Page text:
Don’t punish welfare agencies in Hong Kong for their success in raising more money
Chua Hoi-wai says the success that NGOs have had in raising funds from the private sector has led to charges that their subsidisation by the government could be cut back, but this is inaccurate, because funding has expanded to meet changing community needs
In recent years, government-subsidised welfare agencies in Hong Kong have gone the extra mile to rally community resources to meet our rapidly multiplying social needs. But as agencies garner more private donations, should the government reduce its support, lest it be seen as “subsidising” private funders?
This question points to the daunting prospect of reduced government funding, should one recommendation of the latest Audit Commission report be enacted.
The lump-sum grant system, the government funding model for non-governmental organisations since 2000, is designed to encourage agencies to build community partnerships to address social problems effectively. NGOs have successfully mobilised resources, as evident in the increase in funding from HK$600 million to HK$3 billion, from corporations and individuals between 2002 and 2016. In addition to increasing support from traditional funders like the Hong Kong Jockey Club and the Community Chest, welfare agencies have forged partnerships with business corporations and charitable foundations
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With these extra resources from the community, NGOs have quickly and innovatively met social needs. They hire more social workers to provide better care for seniors with dementia in government-funded homes. By improving community centres’ manpower ratios, agencies can serve more children with special needs. NGOs can also extend services to support carers or family members not considered direct beneficiaries of government-funded programmes. The community spirit is palpable as private funders work with the government and NGOs to make society more caring and inclusive.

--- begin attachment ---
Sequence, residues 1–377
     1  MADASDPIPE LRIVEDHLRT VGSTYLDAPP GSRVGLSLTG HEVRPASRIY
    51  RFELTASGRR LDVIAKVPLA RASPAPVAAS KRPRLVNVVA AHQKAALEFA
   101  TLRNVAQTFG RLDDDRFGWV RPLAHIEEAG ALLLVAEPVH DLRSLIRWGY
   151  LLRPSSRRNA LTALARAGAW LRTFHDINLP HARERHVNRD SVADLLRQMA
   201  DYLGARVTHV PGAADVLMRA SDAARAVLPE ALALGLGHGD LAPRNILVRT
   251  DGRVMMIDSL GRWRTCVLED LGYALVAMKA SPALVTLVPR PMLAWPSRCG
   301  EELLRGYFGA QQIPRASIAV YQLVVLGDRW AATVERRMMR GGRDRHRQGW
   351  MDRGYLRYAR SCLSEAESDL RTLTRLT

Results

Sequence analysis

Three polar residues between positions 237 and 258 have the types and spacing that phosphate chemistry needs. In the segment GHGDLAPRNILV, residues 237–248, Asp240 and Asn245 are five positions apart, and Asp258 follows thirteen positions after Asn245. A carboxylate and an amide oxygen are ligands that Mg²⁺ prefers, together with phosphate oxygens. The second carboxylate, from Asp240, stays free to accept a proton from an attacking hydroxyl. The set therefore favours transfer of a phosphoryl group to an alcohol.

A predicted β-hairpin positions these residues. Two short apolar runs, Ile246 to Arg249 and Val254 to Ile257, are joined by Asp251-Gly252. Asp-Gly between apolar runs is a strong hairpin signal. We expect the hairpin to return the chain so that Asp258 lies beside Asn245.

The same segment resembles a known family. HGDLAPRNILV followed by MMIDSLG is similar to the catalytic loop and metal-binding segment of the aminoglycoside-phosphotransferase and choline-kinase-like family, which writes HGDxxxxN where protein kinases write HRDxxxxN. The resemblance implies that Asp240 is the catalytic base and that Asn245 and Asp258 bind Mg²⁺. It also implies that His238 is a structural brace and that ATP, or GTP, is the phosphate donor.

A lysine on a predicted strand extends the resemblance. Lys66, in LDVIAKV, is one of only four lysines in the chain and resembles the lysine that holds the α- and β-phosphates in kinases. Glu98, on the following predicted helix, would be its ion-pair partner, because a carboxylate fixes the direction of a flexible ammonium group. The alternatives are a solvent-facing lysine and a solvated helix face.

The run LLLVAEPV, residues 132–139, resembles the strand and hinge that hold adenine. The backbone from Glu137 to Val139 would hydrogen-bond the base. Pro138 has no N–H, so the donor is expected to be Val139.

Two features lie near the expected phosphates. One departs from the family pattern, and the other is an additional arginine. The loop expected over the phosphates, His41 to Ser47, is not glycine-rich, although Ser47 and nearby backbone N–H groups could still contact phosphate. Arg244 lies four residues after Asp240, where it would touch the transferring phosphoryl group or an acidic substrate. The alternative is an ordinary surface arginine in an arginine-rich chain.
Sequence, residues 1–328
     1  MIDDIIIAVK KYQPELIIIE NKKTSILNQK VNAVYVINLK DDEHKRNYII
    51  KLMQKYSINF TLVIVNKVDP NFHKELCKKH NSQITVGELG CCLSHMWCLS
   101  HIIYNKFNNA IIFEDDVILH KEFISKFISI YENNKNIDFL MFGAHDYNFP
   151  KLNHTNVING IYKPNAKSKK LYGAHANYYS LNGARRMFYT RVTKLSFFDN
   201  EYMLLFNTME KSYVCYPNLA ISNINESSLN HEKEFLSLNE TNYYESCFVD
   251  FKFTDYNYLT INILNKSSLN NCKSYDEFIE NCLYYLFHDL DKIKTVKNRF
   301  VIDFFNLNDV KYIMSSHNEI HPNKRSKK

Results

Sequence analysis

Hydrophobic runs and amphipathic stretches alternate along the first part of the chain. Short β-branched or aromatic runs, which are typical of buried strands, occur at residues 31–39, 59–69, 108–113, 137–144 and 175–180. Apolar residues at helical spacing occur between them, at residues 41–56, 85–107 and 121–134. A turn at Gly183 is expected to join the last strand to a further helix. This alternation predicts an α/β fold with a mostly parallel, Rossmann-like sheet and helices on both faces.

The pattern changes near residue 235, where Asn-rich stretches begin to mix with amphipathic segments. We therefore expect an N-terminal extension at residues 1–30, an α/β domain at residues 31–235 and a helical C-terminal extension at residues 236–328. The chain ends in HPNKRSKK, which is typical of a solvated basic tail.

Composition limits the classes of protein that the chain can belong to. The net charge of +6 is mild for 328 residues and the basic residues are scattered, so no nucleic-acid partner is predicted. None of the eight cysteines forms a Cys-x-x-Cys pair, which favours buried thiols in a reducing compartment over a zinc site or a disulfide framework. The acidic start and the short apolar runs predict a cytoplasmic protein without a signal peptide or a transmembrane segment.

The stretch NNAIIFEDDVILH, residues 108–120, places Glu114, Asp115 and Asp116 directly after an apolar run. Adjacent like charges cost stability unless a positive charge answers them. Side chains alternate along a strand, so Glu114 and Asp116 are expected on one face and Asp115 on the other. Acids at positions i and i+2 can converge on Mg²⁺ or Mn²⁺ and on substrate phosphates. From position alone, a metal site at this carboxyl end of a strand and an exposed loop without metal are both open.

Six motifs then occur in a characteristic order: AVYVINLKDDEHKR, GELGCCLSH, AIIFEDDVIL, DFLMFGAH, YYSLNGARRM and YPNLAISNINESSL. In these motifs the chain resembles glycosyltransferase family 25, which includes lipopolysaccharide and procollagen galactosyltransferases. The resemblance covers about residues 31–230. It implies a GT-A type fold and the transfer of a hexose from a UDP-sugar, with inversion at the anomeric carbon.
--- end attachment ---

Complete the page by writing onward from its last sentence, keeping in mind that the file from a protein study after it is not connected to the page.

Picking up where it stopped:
The Audit Commission report criticised NGOs for spending grant money on non-government-funded services. Though office overheads, such as the salary of agency heads and office rental, are typically covered by the lump-sum grant, the commission said NGOs should attribute some of these overheads costs to the “self-financing activities”.
This seems a logical request, but is based on the misperception that NGOs waste taxpayer money on activities unrelated to their mandate.
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The “self-financing activities” the report refers to are an extension of the government-approved core services of the NGOs. These activities are “self-financing” because they are supported by private funders who want to help the government and NGOs do better. The government has clearly not suffered at all, nor has any public money been misused, when private funders chip in.
In the first place, NGOs must raise funds for extra services because the government isn’t providing sufficient funding to address needs.
We know the government alone cannot shoulder all social welfare expenses. Therefore, it is of paramount importance that we clear up any misunderstanding over the proper use of government funds, which will then allow us to mobilise community resources for the public good.
We look forward to working with the government task force responsible for reviewing the lump-sum grant system, in settling on a mutually agreeable definition of subsidised service goals. We hope the task force will keep in mind the holistic nature of NGO work while setting the parameters.
Meanwhile, we call for more NGO participation in the Audit Commission’s future reporting, so that a dialogue can happen for us to explain our perspective, allay concerns and clarify misunderstandings.
Chua Hoi-wai is chief executive of the Hong Kong Council of Social Service